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Entries in MassPoliticsProfs by Jerold Duquette

This election will be the first one in which candidate-centric rhetoric will be much more than just calculated distraction from substantive policy debate because Donald Trump broke the GOP presidential nominating system. An angry, ignorant demagogue without a clue about the job he seeks successfully hijacked the GOP nomination.  The simple truth is that nobody can predict what Donald Trump would do as president. No one can count on him to champion any coherent policy agenda. His rhetoric is literally insane. His promises and boasts are indistinguishable from what one would expect from a mental patient.

Clinton and Trump will make all manner of claims about their personal positions and policy preferences, but the truth is that neither of them would be able to lead in the manner they claim. We live in a hyper-polarized political age that makes presidents party leaders first and foremost. Campaign claims about rising above party or bringing the warring sides together or the classic promise to “work across the isle” for the best interests of the American people are utter nonsense. Presidents today cannot be “uniters” on policy and voters who think the quality or content of our politics depends in any significant way on the identity of the President are living in an alternate reality.

Donald Trump is the most unqualified person ever to run for president. He is also the most transparently flawed candidate ever to run for president. His lack of intelligence and integrity are on full display every day. Over the next six months, the most unqualified, morally and intellectually bankrupt candidate in history will be spewing ignorant and hateful attacks at the most qualified candidate for president in modern times.

Stay tuned for six months of “swift boating” Trump-style.

NRA Sponsors "Stealth" mobilization in WMass

The citizen petitioner is Longmeadow Selectman Alex Grant, who said he’s “looking forward to a nice debate on these issues” and that “[a]s long as we’re respectful, it’s going to be valuable for our democracy.” Local gun owners, however, appear to be anything but pleased about the opportunity for such a debate at the spring Town Meeting. Opponents of gun control in town wasted no time organizing and mobilizing against these measures. The N.R.A.’s “Institute for Legislative Action” targeted Longmeadow’s proposed gun control bylaws. Within weeks, signs started showing up on lawns in Longmeadow asking residents to “Vote No on Articles 20-30-31.” These signs include a link to a recently created web site, LongForLiberty.org. What they do not include is any mention of what articles 29, 30, and 31 are about.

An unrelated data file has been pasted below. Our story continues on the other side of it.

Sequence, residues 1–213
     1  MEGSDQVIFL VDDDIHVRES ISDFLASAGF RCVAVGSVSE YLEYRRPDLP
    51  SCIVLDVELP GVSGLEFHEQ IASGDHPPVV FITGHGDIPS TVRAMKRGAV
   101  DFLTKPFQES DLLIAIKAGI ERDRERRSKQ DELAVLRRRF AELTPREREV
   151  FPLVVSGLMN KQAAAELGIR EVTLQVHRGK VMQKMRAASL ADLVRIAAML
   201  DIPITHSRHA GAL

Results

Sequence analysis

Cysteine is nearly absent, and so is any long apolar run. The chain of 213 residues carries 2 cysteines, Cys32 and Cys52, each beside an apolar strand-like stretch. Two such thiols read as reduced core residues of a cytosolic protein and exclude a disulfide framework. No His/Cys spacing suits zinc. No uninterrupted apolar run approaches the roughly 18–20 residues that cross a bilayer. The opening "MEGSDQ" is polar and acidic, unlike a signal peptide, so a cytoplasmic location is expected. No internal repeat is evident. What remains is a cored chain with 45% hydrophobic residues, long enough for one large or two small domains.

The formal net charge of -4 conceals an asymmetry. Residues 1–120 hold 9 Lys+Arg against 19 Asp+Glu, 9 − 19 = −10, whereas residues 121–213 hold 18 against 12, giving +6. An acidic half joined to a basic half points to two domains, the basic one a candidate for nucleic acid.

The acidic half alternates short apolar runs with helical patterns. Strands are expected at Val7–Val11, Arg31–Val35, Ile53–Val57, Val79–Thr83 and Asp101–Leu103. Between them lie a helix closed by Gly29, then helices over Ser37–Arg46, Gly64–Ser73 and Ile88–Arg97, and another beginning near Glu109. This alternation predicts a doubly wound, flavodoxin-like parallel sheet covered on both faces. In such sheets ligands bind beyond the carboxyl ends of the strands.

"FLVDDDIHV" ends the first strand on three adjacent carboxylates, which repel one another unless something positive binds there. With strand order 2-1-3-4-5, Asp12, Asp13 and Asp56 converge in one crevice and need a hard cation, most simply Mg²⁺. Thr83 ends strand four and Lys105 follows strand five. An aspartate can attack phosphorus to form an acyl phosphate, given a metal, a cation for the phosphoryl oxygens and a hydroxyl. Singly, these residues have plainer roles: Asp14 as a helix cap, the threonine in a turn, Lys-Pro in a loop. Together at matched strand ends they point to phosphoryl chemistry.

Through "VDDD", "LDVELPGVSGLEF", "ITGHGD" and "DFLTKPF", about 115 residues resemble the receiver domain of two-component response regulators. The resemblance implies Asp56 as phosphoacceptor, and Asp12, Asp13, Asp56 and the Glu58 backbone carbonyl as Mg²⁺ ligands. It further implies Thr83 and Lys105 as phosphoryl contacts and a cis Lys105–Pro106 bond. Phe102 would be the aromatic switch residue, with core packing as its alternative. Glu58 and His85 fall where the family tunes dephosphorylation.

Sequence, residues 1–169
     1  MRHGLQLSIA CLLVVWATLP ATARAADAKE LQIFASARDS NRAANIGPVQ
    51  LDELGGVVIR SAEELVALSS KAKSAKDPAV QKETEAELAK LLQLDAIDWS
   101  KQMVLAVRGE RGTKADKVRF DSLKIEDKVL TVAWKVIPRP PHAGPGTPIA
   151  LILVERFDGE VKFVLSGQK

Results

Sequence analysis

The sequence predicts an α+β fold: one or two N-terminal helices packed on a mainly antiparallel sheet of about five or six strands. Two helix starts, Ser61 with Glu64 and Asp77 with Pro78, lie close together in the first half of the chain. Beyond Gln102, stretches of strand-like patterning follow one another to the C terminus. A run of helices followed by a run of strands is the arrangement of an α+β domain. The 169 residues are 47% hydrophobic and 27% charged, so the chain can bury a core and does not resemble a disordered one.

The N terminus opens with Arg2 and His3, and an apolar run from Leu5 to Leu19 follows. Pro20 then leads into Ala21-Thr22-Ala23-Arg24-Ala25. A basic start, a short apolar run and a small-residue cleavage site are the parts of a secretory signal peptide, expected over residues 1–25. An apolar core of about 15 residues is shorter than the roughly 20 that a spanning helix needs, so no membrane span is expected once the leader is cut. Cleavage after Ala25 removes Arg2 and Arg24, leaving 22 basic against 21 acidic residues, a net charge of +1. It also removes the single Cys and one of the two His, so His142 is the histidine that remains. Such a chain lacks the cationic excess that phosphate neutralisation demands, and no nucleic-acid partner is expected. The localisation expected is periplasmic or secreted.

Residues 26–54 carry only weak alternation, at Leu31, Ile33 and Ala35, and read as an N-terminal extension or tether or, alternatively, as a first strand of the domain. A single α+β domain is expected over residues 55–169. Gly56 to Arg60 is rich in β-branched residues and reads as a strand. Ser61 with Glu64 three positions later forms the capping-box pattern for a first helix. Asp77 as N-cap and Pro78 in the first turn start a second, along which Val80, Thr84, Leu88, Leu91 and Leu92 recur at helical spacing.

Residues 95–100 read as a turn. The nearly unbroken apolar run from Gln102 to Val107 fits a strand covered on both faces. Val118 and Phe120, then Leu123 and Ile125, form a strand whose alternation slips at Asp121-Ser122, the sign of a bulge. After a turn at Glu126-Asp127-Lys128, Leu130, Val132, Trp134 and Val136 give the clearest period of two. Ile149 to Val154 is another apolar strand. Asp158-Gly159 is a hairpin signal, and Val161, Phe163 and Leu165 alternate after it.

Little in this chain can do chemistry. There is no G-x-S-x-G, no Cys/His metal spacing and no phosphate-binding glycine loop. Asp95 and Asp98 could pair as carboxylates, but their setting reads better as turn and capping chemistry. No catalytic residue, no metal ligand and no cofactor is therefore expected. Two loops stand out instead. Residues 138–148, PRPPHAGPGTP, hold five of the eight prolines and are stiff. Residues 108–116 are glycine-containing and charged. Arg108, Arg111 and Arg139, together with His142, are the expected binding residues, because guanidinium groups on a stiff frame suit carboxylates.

Obviously, Donald Trump winning the GOP nomination would be a terrible turn of events for the Republican Party and the modern conservative movement. The Republicans are serious under dogs in the presidential election this year regardless of who they nominate.  The electoral math, turnout in presidential years, the state of the economy and foreign affairs, all favor the Democratic nominee, though these advantages only tell part of the 2016 story and can be over-valued. The real ace-in-the-hole for the Democratic nominee is the clarity of the institutional partisan stakes in 2016, and the persistent power of “party identity,” which remains the principle driver of voters’ political and electoral calculations.

It seems to me that the folks attacking the party nomination processes in both parties have shown themselves to be “fair weather” democratic purists at best. Political decision making processes designed to produce democratically accountable and substantively appropriate results are particularly appropriate in our hyper-competitive and polarized political environment; an environment that clearly incentivizes a flexible relationship, to say the least, between one’s principals and interests.

Move over Jeff Jacoby, Eric Fehrnstrom’s appears to be gunning for your beat over at the Globe. A couple weeks back I gently debunked Fehrnstrom’s transparently weak argument that Trump could beat Clinton. This week, he has published an even more transparently weak attack on Hillary Clinton’s candidacy that I will herein debunk a bit less gently. Frankly, Mr. Fehrnstrom writes like a graduating senior taking a course pass-fail, though I’m not sure he deserves credit for giving it “the old college try.”

Eric Fehrnstrom thinks that Donald Trump could beat Hillary Clinton. Barring the unforeseeable, he’s wrong, and more importantly for my purposes here, including the unforeseeable in ostensibly serious political analysis kind of negates the point of offering serious political analysis. 

For Trump, political interests and principles are just variables in a market analysis.  He jumped into presidential politics this year because he saw very friendly market conditions. He recognized the timing was good for responding to the pent up political demands of a certain type of voter, and that in 2016 at least he is more well positioned to exploit that demand in the short run than are the professional pols on the national stage.

More than anything else, this presidential campaign season has shown that the commercial media’s “bias” is about the “Benjamins,” not about pushing an ideological or partisan political agenda. For the GOP, it will serve as an invaluable lesson about what can happen when you fall for your own B.S.
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